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'Puff' finally gets his happy ending

The magic dragon frolics again in a new book and CD featuring the classic folk song.

December 19, 2007|Lynne Heffley | Times Staff Writer

Peter, Paul and Mary, legends of the 1960s folk music scene and voices for civil rights, peace and freedom, have had many harmonic hits, including Pete Seeger's "If I Had a Hammer" and Bob Dylan's "Blowin' in the Wind." The group's crooning rendition of one song may have had the widest reach, however.

"Puff, the Magic Dragon" still resonates with adults and children alike, more than four decades after Peter Yarrow and Lenny Lipton wrote the poignant fantasia about a frolicking, ageless dragon in a land called Honalee, who mourns when his boy companion grows too old to play.

That song, with its intimations of mortality and childhood lost, has inspired a new picture book, "Puff, the Magic Dragon" (Sterling Publishers), and a CD, "Puff the Magic Dragon & Other Family Classics," featuring Yarrow and folk-roots duo Bethany & Rufus -- Yarrow's daughter Bethany and her musical partner, cellist Rufus Cappadocia.

The book adds an upbeat coda to the familiar song through painter Eric Puybaret's illustrations: Puff frolics once more, with the little daughter of his now-adult friend, Jackie Paper.

"It's a relief to me too, after all of these years," Yarrow said of Puff's happy ending. To feel "that sense of longing and sadness is so humanizing in so many ways, but the need for some kind of hope and resolution is important."

"I'm in awe of the resiliency of the song, that it's lasted in this way," he marveled. "In my touring around the country to support the book and now the CD, I find that kids at the age of 3 know it."

Which is only fitting, notes daughter Bethany. "In concert, my dad would talk about the real meaning of Puff," she said, "that it was about the innocence of childhood lost but that there were always other children who needed Puff. So there's a real sense of a cycle, of growing up and passing it on."

The younger Yarrow, who began singing with her father as a little girl at benefits and rallies, is the mother of a 10-month-old. That personal intergenerational theme, echoed in the new book, is a factor in the trio's separate CD, featuring traditional folk songs infused with a contemporary vocal and instrumental approach.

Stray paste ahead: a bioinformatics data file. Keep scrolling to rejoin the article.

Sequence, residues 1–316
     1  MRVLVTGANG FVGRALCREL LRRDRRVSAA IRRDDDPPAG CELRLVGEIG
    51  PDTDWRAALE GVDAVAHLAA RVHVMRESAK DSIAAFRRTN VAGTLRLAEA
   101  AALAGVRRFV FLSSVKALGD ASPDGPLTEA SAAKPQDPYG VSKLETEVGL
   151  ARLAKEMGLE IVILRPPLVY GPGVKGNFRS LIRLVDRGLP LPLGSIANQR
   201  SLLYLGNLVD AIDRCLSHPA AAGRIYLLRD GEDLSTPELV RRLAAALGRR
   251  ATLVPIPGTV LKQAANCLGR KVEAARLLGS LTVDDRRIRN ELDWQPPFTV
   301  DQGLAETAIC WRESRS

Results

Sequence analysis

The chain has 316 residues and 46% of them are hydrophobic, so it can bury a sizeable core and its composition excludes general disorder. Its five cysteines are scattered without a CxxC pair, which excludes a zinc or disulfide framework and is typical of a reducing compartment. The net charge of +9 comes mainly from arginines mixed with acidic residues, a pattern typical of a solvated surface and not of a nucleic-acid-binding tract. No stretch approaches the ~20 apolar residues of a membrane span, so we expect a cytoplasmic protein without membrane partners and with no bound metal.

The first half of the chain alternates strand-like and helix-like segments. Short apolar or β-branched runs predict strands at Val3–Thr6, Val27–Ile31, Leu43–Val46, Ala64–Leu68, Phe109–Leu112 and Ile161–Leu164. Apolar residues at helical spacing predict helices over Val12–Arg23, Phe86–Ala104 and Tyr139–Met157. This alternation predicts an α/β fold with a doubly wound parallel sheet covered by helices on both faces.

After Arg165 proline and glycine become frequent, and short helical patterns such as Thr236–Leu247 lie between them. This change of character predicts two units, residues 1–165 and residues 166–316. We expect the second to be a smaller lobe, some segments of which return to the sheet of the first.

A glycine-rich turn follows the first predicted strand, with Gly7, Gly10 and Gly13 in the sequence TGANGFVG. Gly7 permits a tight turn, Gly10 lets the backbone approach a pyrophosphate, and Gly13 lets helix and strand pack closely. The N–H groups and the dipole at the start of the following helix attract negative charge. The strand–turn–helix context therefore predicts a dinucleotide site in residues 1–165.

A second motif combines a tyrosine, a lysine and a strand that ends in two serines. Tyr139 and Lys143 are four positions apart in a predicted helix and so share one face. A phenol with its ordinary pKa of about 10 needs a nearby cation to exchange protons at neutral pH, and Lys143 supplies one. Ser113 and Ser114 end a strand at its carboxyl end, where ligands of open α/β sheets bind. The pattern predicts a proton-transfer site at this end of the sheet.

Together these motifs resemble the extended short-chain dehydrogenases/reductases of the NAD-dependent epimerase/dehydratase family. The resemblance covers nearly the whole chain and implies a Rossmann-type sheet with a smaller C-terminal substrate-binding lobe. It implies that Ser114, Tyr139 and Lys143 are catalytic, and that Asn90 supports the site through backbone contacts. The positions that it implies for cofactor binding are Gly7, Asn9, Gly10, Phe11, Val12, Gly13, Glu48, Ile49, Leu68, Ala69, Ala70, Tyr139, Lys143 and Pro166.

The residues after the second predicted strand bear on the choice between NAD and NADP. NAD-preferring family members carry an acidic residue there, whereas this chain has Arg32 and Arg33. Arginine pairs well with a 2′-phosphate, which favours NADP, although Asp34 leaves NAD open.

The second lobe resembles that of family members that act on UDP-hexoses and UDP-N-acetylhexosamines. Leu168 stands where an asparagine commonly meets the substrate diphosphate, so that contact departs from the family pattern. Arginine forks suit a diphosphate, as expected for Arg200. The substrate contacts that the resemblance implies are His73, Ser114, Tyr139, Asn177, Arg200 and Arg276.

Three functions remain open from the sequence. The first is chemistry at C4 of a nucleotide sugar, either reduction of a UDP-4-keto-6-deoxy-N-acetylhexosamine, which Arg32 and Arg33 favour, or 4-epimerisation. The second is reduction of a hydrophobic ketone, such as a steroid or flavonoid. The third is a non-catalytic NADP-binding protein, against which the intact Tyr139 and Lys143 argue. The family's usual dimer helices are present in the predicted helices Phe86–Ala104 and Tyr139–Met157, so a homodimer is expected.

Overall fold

When he sings with his daughter and her partner, "I don't sing the way I do with Paul and Mary," Yarrow said. "In many cases, if not most, I let them lead the spirit of the song, which incorporates musical elements that I would not have thought of, like contemporary jazz, or groove music, or a lot of world music."

A haunting rendition of "The Cuckoo," for instance, features a kora, a traditional West African stringed instrument.

"I recorded 'Cuckoo' with Paul and Mary," Yarrow said, "but this adds mystery to it and a vitality to it that's not the same-old same-old."

Among other tracks on the CD are "Blue Tail Fly," "Foggy Dew," "Cindy" and "Turkeldove." (A short CD that accompanies the "Puff, the Magic Dragon" book includes vocal and instrumental versions of "Puff" as well as "Froggie Went A-Courtin' " and "Blue Tail Fly.")

"We're really reaching for something different musically," Bethany Yarrow said. Using the breadth of her father's knowledge of folk music, "the history of the songs and then pulling him into different musical genres has been really exciting." And it's not just a warm, familial feeling, she said, "but the excitement of revitalizing these songs. Not just bringing them back to their 1960s activist days, where hope was the air that people breathed.

"When you're just on a nostalgic trip it can make people feel sad, because they feel like they've lost something," she said. Finding something new to say with traditional music creates "a constantly shifting landscape where things do seem possible."

And the songs still have the power to connect people, Yarrow said, something he has seen while performing at bookstores -- and, most movingly, he said, at the Connecticut Hospice where he is a board member and frequent visitor.

"There's a feel of a handmade something," he said. "With acoustic folk music, there's no room for artifice. And it's not just the absence of artifice but the persistence of heart-felt substance. That is the legacy that you feel in folk music; that is a legacy of which I am proud. And that's nonpolitical."

"Puff" is just one of Yarrow's many music-related projects. While he and partners Mary Travers and Noel "Paul" Stookey have jointly pursued political and environmental causes, each is driven by individual passions.

The "core of the latest chapter" in Yarrow's life is his involvement in Operation Respect, a free, nonprofit, antibullying, violence-prevention program in more than 20,000 schools across the country, featuring music, video and curricular materials to get its messages across to students.

" 'Puff,' these songs and the album are kind of the commercial side of what I've been doing in Operation Respect," he said.

Yarrow and his musical team will spotlight the program in "A Tribute to the Teachers of America," a PBS television special they are producing for next spring.

"I believe that the window for bringing America its heart back, which has been bruised terribly," he said, "is through the reestablishment of a sense of caring that is not caring just for self, but for each other."

lynne.heffley@latimes.com

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